Developing Appropriateness Criteria for Imaging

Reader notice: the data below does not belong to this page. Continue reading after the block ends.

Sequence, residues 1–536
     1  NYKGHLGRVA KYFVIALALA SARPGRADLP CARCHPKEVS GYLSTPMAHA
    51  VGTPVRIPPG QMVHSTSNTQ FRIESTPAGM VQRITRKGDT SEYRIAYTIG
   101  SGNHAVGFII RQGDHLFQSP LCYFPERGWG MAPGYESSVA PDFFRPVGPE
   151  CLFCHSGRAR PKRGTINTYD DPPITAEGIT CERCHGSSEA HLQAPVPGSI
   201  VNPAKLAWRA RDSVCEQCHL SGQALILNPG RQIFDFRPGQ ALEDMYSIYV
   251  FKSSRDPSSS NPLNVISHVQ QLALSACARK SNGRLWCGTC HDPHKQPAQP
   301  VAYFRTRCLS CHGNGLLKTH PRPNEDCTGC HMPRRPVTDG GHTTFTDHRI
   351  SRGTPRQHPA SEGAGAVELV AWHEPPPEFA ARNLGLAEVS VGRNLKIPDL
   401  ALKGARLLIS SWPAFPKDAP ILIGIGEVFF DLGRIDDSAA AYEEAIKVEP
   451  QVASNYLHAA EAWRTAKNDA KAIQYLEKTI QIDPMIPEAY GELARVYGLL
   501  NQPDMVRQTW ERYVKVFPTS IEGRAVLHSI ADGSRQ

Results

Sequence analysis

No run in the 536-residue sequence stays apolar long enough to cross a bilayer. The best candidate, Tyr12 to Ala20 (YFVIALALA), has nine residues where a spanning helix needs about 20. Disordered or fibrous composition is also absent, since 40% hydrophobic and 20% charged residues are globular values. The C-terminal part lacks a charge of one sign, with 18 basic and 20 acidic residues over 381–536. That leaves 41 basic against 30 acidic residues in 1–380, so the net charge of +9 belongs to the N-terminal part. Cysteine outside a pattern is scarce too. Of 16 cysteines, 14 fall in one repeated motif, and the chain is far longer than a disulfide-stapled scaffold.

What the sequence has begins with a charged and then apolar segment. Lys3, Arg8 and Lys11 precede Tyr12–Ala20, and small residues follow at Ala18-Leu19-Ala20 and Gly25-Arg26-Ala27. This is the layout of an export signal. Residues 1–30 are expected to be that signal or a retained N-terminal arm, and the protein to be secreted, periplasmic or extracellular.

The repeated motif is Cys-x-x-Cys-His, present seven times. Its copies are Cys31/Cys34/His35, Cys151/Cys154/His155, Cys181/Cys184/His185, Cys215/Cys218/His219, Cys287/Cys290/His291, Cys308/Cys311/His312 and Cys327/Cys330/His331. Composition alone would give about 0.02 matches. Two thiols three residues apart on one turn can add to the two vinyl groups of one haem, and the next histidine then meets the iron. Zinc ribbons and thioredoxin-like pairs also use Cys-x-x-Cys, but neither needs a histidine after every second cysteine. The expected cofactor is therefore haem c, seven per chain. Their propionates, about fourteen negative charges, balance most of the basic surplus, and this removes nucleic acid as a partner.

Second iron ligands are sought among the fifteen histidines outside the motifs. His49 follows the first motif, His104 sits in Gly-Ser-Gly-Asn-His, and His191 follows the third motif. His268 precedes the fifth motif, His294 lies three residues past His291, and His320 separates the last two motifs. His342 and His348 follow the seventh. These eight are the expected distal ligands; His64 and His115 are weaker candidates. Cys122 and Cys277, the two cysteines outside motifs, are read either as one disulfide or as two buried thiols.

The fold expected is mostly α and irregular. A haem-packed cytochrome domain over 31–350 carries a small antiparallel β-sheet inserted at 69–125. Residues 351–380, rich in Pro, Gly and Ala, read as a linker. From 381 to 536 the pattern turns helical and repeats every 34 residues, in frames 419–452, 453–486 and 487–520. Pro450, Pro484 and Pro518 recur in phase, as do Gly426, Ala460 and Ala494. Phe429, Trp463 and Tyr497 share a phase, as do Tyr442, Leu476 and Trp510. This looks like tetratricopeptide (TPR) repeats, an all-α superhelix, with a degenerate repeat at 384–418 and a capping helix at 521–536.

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Decision support might be the technology that brings imaging out of external control and back into self-regulation, since its effectiveness appears to equal or exceed that of other utilization-management strategies (including burdensome preauthorization). Every decision-support program, however, must be able to tell the ordering physician how useful an imaging exam is likely to be. That simple indication of probable appropriateness—often a numbered ranking—must be based, in turn, on a prior determination that is anything but simple: Valid appropriateness criteria take into consideration not only expert opinion, but up-to-date research findings and the broadest possible range of relevant clinical experience. The provision of decision support itself, whether through computerized provider order entry (CPOE) or nonelectronic methods, is relatively straightforward, in comparison with the vast pile of information that must be considered and condensed to create appropriateness criteria. For each patient condition that the referring physician will encounter, the developers of appropriateness criteria must determine not only the degree to which specific imaging exams might be helpful, but also whether imaging is indicated at all. Who makes these decisions today, and how might that change tomorrow? These were among the questions asked on November 29, 2010, by the four presenters of a special-interest session, “The ACR Appropriateness Criteria: Are You Trying to Tell Me What to Do?” at the annual meeting of the RSNA in Chicago, Illinois. Two of the session’s sections deal with appropriateness criteria and what radiology can expect from them (and contribute to them). Michael Bettman, MD, vice chair of the ACR® Commission on Quality and Safety, describes how the ACR’s guidelines are constructed by and for radiologists; a prediction that nonradiologists will become more involved in imaging-guideline development is expressed by Earl Steinberg, MD. Steinberg is senior vice president for integrated health strategy and evaluation at WellPoint (Indianapolis, Indiana); president and CEO of WellPoint’s Resolution Health subsidiary; and chair of the US Institute of Medicine’s Committee on Standards for Developing Trustworthy Clinical Practice Guidelines. ACR Methods Bettman explains that while the ACR’s appropriateness criteria are meant to guide clinical decisions, they are also intended for use in medical education. For a given clinical condition, the ACR guidelines should tell the physician who is making an imaging decision whether an imaging exam is typically indicated for that condition. If so, the guidelines then specify whether each exam that could be ordered, under the existing circumstances, falls into one of four categories: usually appropriate, may be appropriate, usually not appropriate, or rarely necessary. Bettman notes that these terms were chosen with care, since the number of variables involved in patient care makes it unrealistic to categorize a study as always appropriate or never appropriate. In response to growing concern about the cumulative radiation dose attributable to medical imaging, the ACR guidelines now include relative radiation levels (for both adults and children) for each applicable exam. If there are inadequate data on the value of an exam, or if there is disagreement concerning the meaning of those data, that exam will appear in the guidelines as unrated. The perfect appropriateness criteria, Bettman says, are evidence based and chosen by experts whose methods are both transparent and consistent. They are updated regularly and are available online, as well as within CPOE systems. They also have broad acceptance in the field. Unfortunately, he adds, all of these are difficult goals to meet. Evidence alone is never sufficient, so expert opinion is always needed. For this reason, the ACR’s method for guideline development involves selecting a topic author to serve as an expert. The topic author then gathers and reviews the relevant medical literature, condensing it into an evidence table that lists the most important published findings (with notes on the quality and reliability of the studies involved). The topic author also designs clinical scenarios representing the possible and probable imaging orders for the condition being reviewed. The chair of the guidelines panel reviews this material, which is later voted on by the panel’s members before it becomes the official ACR guideline. Multispecialty Criteria Another approach to the creation of appropriateness guidelines for imaging welcomes the involvement of nonradiologists—in the interest of balance, according to Steinberg. In the future, he says, this model might become more common, since many sets of guidelines created within various medical specialties clearly seem biased in favor of the procedures performed by members of those specialties. This is one of the reasons that the Medicare Improvements for Patients and Providers Act of 2008 mandated the creation of the guideline-quality committee on which Steinberg serves. The committee has noted that several problems are common in guidelines. Many are created without sufficient evidence (especially where multiple morbidities are involved). Reviews of evidence have been of varying quality, and conflicts of interest have been apparent. The creation of guidelines has been exuberant, but confidence in the results has been limited, and adoption of guidelines has often been disappointingly narrow. The Institute of Medicine’s committee recommends taking several steps to increase confidence in guidelines. First, they should be objective. Second, they should be developed by balanced (multispecialty) panels. Third, they should be transparent, containing complete information about the methods used and the strength of the evidence on which they are based. Fourth, they should be subject to external review. Fifth, the relevant literature should be monitored continuously. Sixth, organizations developing guidelines should attempt to increase consensus among specialties instead of taking a single-specialty approach. Steinberg finds the ACR’s practice of having a single topic author manage the creation of guidelines for a particular condition to be inadvisable. Instead, he recommends broadening the responsibility to include several people who will perform the literature review; few individuals, he says, could simultaneously have the necessary clinical expertise and understanding of research methods to conduct the review alone. In cases where the imaging guidelines created by the ACR are in conflict with those published by other specialties, Steinberg feels that it should be the ACR’s responsibility to lead the effort to determine why there is a discrepancy. Above all, Steinberg says, it is vital to ensure that appropriateness criteria are generated within health care, not outside it. If physicians are unable to cut imaging costs with precision, using a scalpel, then they can expect someone else to do it—with an ax. High Global Stakes The existence of appropriateness criteria is not, in itself, enough to ensure their acceptance or application on any useful scale. The National Guideline Clearinghouse, a searchable database maintained by the Agency for Healthcare Research and Quality, now contains more than 2,700 sets of practice guidelines for health care, Steinberg says. Nonetheless, many physicians maintain a hearty dislike for guidelines and make no use of them. If all of the effort that goes into creating appropriateness criteria is not to be wasted, then CPOE and other decision-support technologies must make those criteria part of everyday practice. As the session presenters note, inappropriate utilization of imaging should not be considered a problem limited to the United States, even though incentives for self-referral and fear of malpractice suits could be stronger driving forces here. Worldwide, even though many regions lack such powerful reasons to order inappropriate studies, 30% to 50% of imaging exams could be inappropriate. Of course, this excess adds to the cost of health care, but it also creates other burdens (including those of additional exposure to radiation and of unnecessary follow-up care). Therefore, the development of sound appropriateness criteria for imaging—coupled with the adoption of decision-support systems that will make those criteria part of referring physicians’ ordering methods—will do more than reduce costs. It will help imaging decisions stay in the hands of those who order and provide (and undergo) exams, and it will make imaging a more solid foundation for better patient care, with more accurate diagnoses accompanied by reduced risks. Kris Kyes is technical editor of ImagingBiz.com.